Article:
Web Series Spotlight: Your Fellow Americans
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Talking about issues of Race and Immigration are tough. They are polarizing topics that often send people into a defensive state, and in between the terrible tragedies which mainstream media outlets cover in very polarizing, inflammatory ways, the topics often aren't discussed at all.
While just talking isn't the solution, it's the first step towards building relationships that might slowly heal cultural divisions. That's why I've been so grateful to Kansas City Public Television for getting behind the Your Fellow Americans project.
Your Fellow Americans is a YouTube documentary series discussing issues of Race and Immigration, and how those issues impact the idea of the American Dream. Myself and Nathaniel Bozarth are asking average Americans from our local communities how their experience in America has been impacted by these issues. The goal is to prompt a conversation and so we're asking people who have to live through these issues every day.
Right now, KCPT has been sponsoring a 6-month run of the series where we join multiple generations from six different families of varying ethnic backgrounds around the dinner table. The station took a risk on us when we pitched them this series (Nathaniel and I are outside contractors). They took a risk by agreeing to make this their first series aimed at a Web audience without any specific plan for broadcast. They took a risk just by being willing to start a conversation about these issues, and when we held our first community panel discussion, the crowd left with many differing opinions. Some people wanted to hear concrete action plans. Some wanted to hear what White people think about Race. Some wanted to say more. But everyone was glad that the series is happening and that the discussion is starting.
The conversations and perspectives have been fascinating. I would love for people to watch the videos and let us know if they are helpful or if they are completely missing the mark of how we need to discuss these issues.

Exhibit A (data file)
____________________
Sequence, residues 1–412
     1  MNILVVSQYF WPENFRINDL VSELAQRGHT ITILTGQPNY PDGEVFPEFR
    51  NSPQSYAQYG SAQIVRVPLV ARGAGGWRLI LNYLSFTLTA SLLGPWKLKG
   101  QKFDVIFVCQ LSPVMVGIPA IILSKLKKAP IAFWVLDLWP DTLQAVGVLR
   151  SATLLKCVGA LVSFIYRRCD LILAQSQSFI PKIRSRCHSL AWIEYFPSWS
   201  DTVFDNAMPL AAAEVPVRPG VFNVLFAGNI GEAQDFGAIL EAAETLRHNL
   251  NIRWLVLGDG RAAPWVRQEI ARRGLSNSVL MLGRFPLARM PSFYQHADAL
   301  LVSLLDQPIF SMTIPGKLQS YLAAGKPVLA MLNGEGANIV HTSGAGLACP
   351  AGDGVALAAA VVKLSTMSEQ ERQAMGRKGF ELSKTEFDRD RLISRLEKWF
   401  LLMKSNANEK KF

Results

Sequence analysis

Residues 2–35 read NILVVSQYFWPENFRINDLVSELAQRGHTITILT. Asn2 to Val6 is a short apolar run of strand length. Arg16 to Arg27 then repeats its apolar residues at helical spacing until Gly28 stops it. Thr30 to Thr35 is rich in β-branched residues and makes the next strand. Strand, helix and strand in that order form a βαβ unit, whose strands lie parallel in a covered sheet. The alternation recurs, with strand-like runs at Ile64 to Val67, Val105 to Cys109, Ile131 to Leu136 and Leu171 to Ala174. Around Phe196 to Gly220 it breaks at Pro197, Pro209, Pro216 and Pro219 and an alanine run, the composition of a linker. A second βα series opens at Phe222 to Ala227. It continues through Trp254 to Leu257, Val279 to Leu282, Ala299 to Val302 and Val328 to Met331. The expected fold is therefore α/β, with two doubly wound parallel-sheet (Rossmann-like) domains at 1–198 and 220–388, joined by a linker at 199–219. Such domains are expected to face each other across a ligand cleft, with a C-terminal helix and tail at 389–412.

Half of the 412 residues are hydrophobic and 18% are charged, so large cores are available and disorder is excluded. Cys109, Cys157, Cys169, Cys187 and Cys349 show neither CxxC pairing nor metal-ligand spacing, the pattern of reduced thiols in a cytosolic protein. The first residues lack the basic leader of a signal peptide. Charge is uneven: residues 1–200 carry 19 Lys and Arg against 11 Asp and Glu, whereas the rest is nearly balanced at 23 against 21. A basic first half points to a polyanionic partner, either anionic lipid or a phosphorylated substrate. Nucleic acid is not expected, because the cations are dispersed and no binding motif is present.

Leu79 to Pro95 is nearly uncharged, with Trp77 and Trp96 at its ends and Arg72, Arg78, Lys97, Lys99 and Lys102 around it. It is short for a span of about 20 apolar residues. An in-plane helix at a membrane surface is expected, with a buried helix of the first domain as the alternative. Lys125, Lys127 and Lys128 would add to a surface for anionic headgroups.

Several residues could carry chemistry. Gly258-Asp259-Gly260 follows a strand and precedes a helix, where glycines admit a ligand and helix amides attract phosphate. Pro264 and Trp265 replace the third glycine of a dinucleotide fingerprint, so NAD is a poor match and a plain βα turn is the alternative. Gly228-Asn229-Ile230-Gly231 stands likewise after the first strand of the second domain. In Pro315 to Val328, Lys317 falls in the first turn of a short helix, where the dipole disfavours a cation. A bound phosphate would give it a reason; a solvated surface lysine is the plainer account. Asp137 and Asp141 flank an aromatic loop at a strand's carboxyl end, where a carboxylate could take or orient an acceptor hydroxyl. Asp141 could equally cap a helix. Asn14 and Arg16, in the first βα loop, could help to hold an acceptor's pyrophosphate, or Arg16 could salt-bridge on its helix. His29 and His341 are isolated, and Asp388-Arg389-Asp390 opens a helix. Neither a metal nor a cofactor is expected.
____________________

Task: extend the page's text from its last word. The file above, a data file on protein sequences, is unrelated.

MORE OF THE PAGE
You can find out more about the series by visiting it's microsite at kcpt.org/yourfellowamericans, by subscribing to our YouTube page, or by Liking our Facebook page. We set out with a goal to publish a video every Monday for six months, and it has been a grueling, but rewarding struggle as we wrap up the work of sharing the stories of these first six families.
As we complete this six month pilot series, KCPT is hoping to re-edit the raw material into an hour-long documentary for broadcast. After that, the future of the project is exciting, but depends a lot on what other member stations think. As we've shared the concept and the videos with several member stations in our region, they've been very interested in replicating it. This series seems to be an incredible and innovative way for stations to do a couple of key things: it's a way for them to tell important, local stories; it's a way for them to engage their communities in dialogue; and it's a way for them to begin learning how to engage an online audience.
My own hope for the series is that we can develop a network of national partner stations who are all collaboratively producing local stories under the Your Fellow Americans banner that are showcased under a national website. These productions would be coupled with community screenings and conversation events, because the true goal of the series is to get people talking about these sensitive issues.